pledge to stop the rise in Employer National
Insurance contributions from April 2011.
• We will reform NICE and move to a system
of value-based pricing, so that all patients can
access the drugs and treatments their doctors
think they need.
26 The Coalition: our programme for government
• We will introduce a new dentistry contract
that will focus on achieving good dental health
and increasing access to NHS dentistry, with
an additional focus on the oral health of
• We will provide £10 million a year beyond
2011 from within the budget of the
Department of Health to support children’s
hospices in their vital work. And so that
proper support for the most sick children
and adults can continue in the setting of their
choice, we will introduce a new per-patient
funding system for all hospices and providers
of palliative care.
• We will encourage NHS organisations to
work better with their local police forces to
clamp down on anyone who is aggressive and
abusive to staff.
• We are committed to the continuous
improvement of the quality of services to
patients, and to achieving this through much
greater involvement of independent and
voluntary providers.
• We will give every patient the power
to choose any healthcare provider that
meets NHS standards, within NHS prices.
This includes independent, voluntary and
community sector providers.

Friday, 6 May 2011

A history of mechanical calculating devices

Today I gave a talk to a group of Cambridge maths students on the history of mathematics. It was an exhilarating and exhausting experience. I've been asked to put up a video of this, unfortunately the best I can do is a rather poor camera-phone video, which may make understanding me difficult. But there's a lot in the slides so I've uploaded them too. Thanks to everyone there, especially the person to my left who keeps interrupting with corrections and clarifications that I really needed. He is of course the legendary Prof Piers Bursill-Hall whose lecture series this was.

Sadly due to battery life limitations I can only give you the 1 hour 10 min talk and not the much more interesting 40 min question and answer session afterwards where I really showed up how shallow my research was. Abraham Izrael Stern especially, I make the claim that he's doing something really important, but I've done almost no research into the guy's life and impact, that needs serious work. But this is such a vast topic that in the Q&A afterwards a phd thesis and a whole seminar of talks were identified of extra study that could be done. Which sounds great to me ... you know, after exams and stuff.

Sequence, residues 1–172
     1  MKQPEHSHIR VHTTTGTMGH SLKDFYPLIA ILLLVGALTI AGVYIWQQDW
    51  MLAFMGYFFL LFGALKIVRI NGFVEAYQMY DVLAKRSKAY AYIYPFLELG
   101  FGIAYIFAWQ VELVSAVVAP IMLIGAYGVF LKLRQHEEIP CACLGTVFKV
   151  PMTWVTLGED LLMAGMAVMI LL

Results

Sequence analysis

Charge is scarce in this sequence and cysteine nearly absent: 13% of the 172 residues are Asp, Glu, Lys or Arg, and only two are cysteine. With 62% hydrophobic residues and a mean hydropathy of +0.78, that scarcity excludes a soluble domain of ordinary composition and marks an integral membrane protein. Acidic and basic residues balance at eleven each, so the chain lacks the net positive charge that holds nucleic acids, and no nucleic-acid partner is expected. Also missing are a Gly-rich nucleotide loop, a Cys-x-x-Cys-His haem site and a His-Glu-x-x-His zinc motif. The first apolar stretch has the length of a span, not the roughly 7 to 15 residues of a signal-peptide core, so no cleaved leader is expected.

My slides:

Monday, 2 May 2011

Cognitive blind-spots – a request for help

Cognitive blind-spots – a request for help

So, the last few days I've had fun trying to get a new phone. There was epic fail, during which I discovered that never having owned a credit card was a bad move on my part. That's not the interesting thing though. I cant go back in time and change the fact so there's very little point in worrying about it, except that it's representative of a category of error. And this is where I need your help.

You see, it's not that I made an incorrect judgement, that implies making a judgement. With me and credit cards that's not the case. I have never decided not to own a credit card. Up to a week ago, say, I had not even considered it. It's not that I sat down, weighed up the pros and cons and made an error. It's that I never sat down and the default option was worse. Nobody has ever asked me “would you like a credit card”, I've never had that prompt to consider the things. Oh I grant you I know they exist, there those things that all the people I know who are in a financial mess have, but I've never thought that it's something I could own.

So, I'm now worried that there are other things that it's never crossed my mind to do. Other things that some people do that I've never thought about like … well that's the thing. I can hardly give an example of a mental blindspot, a thing I've never thought about. The whole point is I'm not aware of it. But, for instance, someone who'd never travelled and hence had never though about owning a passport and so hadn't thought about other uses for one. I've tried to think about tools people use to solve specific problems that I've not considered, the best candidate I can think of is life insurance. I've never sat down and asked myself if I want to be insured against injury or death. It may well be that I should get insured, the fact that I've never given it the most cursory consideration means that if so I'll commit another error.

So everyone. Tell me, are there tools, things that you have that help you, even very rarely, that not everyone has? What are they? Tell me especially about things like a driver's licence or a CV that are clearly designed for one task but which can be used for something else. The odds are that's the kind of thing that someone who's not wanted to drive or not wanted to get a job wouldn't have thought about. That's the kind of thing that lends itself to becoming a blindspot.